Children at risk of respiratory illnesses due to volcanic ashes

World Vision is currently coordinating with local government officials and families on children's situation inside evacuation centers.

 

Gray and ash-covered trees, roads, and rooftops are currently common views in Guinobatan, a municipality in Albay heavily affected by volcanic ash fall from Mayon volcano.

 

"Inhaling volcanic ashes is not good for one's health, especially young children. It may cause or trigger several respiratory illnesses like asthma. Babies are most vulnerable to respiratory illnesses because their lungs are not yet fully developed. They should be transferred to a safer, ash-free area," says Venus Grecia, World Vision Health and Nutrition Specialist. 

 

Wind carries with it ashes that blanket rooftops and plants. Mayon volcano spews ashes several times in a day, causing momentary zero visibility in areas of Guinobatan and Camalig in Albay. Ashes are also wind-carried to as far as the province of Camarines Sur.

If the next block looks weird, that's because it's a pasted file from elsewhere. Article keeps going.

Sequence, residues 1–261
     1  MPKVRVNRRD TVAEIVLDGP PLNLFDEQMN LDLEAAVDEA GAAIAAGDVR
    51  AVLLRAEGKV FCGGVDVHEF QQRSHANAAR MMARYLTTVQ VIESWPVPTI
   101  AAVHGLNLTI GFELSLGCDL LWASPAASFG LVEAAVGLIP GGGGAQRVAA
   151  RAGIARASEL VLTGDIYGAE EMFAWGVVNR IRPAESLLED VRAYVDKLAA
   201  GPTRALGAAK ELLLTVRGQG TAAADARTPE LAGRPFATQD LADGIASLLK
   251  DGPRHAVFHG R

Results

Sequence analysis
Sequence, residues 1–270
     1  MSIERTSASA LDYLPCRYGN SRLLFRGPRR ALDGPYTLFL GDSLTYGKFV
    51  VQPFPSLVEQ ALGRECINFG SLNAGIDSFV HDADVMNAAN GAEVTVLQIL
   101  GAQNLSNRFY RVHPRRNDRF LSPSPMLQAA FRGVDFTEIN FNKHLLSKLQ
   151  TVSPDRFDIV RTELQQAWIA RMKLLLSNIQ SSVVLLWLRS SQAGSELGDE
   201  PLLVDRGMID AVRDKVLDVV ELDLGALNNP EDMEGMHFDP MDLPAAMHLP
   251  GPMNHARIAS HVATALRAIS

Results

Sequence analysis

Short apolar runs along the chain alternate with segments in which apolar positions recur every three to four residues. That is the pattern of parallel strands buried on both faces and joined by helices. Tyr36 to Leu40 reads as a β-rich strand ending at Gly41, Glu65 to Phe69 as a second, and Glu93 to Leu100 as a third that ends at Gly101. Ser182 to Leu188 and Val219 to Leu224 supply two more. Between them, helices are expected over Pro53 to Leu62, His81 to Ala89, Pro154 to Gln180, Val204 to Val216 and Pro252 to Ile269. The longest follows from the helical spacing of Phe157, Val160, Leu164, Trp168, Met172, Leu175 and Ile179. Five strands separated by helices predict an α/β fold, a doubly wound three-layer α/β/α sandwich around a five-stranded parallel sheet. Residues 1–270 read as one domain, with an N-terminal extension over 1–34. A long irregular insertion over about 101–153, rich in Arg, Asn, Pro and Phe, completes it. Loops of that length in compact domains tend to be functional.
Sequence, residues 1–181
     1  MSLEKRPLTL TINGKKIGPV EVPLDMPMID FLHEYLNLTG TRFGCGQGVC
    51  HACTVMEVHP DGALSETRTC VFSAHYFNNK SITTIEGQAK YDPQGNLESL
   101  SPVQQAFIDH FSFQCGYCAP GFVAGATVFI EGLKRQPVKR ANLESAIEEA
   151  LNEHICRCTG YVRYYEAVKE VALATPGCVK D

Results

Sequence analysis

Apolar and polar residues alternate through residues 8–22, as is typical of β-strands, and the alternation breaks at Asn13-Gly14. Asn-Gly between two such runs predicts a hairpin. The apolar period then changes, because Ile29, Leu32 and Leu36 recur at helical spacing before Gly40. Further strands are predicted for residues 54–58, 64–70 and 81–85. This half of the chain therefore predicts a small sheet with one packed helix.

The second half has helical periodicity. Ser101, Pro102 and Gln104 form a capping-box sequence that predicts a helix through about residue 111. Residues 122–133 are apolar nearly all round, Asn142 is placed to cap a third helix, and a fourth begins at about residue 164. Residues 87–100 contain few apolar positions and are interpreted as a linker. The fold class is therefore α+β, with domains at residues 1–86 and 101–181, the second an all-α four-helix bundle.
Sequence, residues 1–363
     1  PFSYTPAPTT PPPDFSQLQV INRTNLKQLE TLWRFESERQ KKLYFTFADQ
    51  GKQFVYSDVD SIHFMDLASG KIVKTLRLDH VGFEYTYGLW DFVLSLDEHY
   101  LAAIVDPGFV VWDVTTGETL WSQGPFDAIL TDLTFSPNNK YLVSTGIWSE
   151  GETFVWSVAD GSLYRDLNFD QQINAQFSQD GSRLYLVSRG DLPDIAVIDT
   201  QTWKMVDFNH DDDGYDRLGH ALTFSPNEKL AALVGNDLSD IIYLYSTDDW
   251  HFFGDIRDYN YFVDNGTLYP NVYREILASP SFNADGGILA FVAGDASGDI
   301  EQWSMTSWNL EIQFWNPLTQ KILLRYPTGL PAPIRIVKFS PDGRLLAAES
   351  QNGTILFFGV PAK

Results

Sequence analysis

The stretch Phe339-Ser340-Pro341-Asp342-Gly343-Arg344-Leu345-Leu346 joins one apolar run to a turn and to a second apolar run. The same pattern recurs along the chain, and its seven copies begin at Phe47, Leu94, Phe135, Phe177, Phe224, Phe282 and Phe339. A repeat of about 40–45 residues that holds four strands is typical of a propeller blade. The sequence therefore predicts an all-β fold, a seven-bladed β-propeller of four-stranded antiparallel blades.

The Department of Health data showed that of the 5,000 individuals who consulted the medical teams in the evacuation centres, 64% (around 3,000) complained about acute respiratory diseases like coughs and colds.

 

"If you just sweep the ashes, it wouldn't go. You need to wash them with water," explains Gloria, 53. "Rice farmers here are affected. The ash will eventually kill their crops."

 

 

World Vision is currently coordinating with local government officials and families on children's situation inside evacuation centers. 

 

The January 31 data from the National Disaster Risk Reduction and Management Council reported a total of Php139 billion worth of damage in agriculture caused by Mayon’s volcanic activity. 

 

There are already 23,250 families and 89,828 persons from Albay municipalities of Bacacay, Camalig, Guinobatan, Ligao City, Daraga, Tabaco City, Malilipot, Santo Domingo, and Legazpi City.

 

World Vision aims to complement the government-led response and provide urgent aid to at least 2,000 families or 10,000 people. World Vision/January 31, 2018

 

 

 

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